We asked the women about the effects of U.S. sanctions against Iran, and Dr. Elahian explained some of the negative impacts, like making it harder to get radiation treatment for cancer patients. But she added that sanctions had made Iran become more creative and independent scientifically. She boasted that despite the sanctions, Iran is one of a handful of countries that had reached the UN millennium development goals for reducing poverty and curing preventable diseases, and that Iran had made great headway in addressing HIV/AIDS, malaria and tuberculosis.
We tried to get the women to talk about the struggle for women’s rights in Iran, but they insisted that women had full rights. After the formal part of the meeting was over, however, Dr. Elihian said that her female constituents would often come to her office asking for help in matters such as divorce and inheritance—areas in which women do NOT have equal rights.
We ended the meeting exchanging cards and ideas about follow up, including a possible meeting—in a third country—with some U.S. congresswomen.
In our next meeting, with three advisors to the President in the areas of media and communications, diplomatic niceties were dispensed with and the kid gloves came off. The man who did most of the talking was Mr. Kalhor. He had long, gray hair tied back in a ponytail and wore sandals with no socks, giving him the air of an aging hippie. And with his background as a poet and architect, together with his quick smile and twinkling eyes, I assumed he was going to be a gentle, conciliatory kind of guy. That’s why I was shocked when he started to roar like a wounded lion. “Talk to Obama? We don’t want to talk to Obama. What’s the point of making agreements with the United States when the they always renege on their agreements anyway? For the past five decades, the U.S. has been the source of all problems in the Middle East thanks to its support of Zionism. As far as sanctions, we have been living under them just fine for the past 28 years. And if we do talk to Obama, it will be with our own preconditions: full withdrawal of U.S. troops from our entire region and an end to U.S. unconditional support of international Zionism. We don’t need help or goodwill from Obama or anyone in the United States; we need a radical change in U.S. policy—period.”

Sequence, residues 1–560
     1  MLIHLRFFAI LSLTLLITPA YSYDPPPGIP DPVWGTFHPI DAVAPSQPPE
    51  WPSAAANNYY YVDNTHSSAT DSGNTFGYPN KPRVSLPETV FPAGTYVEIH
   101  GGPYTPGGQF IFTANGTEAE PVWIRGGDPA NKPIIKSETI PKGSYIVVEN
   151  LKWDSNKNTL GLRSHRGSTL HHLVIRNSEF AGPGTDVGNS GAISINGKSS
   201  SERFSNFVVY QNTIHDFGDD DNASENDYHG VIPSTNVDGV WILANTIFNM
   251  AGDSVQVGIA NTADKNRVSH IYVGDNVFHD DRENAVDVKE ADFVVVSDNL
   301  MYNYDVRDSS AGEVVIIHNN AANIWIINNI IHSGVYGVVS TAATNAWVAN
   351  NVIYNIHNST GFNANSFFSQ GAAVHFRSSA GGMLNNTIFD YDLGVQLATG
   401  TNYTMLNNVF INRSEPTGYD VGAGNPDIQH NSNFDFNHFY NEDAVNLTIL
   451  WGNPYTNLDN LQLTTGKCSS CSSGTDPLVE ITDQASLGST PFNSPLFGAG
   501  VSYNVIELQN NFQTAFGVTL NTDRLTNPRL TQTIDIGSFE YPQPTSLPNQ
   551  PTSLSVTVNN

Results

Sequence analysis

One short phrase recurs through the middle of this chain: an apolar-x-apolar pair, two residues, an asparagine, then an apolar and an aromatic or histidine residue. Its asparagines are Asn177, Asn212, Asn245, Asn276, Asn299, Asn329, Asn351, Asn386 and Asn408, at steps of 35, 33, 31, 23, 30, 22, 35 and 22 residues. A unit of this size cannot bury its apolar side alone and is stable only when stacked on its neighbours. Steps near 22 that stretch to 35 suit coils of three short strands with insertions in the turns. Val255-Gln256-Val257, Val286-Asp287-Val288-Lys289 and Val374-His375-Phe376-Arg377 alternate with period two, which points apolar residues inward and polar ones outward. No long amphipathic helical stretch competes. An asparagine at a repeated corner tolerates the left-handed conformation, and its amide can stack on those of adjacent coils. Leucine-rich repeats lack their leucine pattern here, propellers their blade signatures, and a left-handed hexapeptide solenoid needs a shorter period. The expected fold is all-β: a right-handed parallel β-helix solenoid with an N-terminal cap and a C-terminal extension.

Whew! For almost two hours, we had a lively back and forth with Mr. Kalhor. At times we got the impression that he was saying things he didn’t really believe. In fact, at one point, he said, “Look, these are not necessarily my positions, they are the positions of this government.” I pointed out that if his job was to convey the Iranian government’s positions to the world in a sympathetic light, then denying the holocaust, threatening Israel’s existence and talking about the international Zionist economic conspiracy was not very good “packaging.” I suggested they would be better off talking about the need to respect the human rights of Palestinians and stop the tragic deaths of U.S. soldiers in unnecessary wars. My comments only brought on a fresh cascade of anger, accusing us of only caring about the lives of U.S. people and proving “just how arrogant America is”.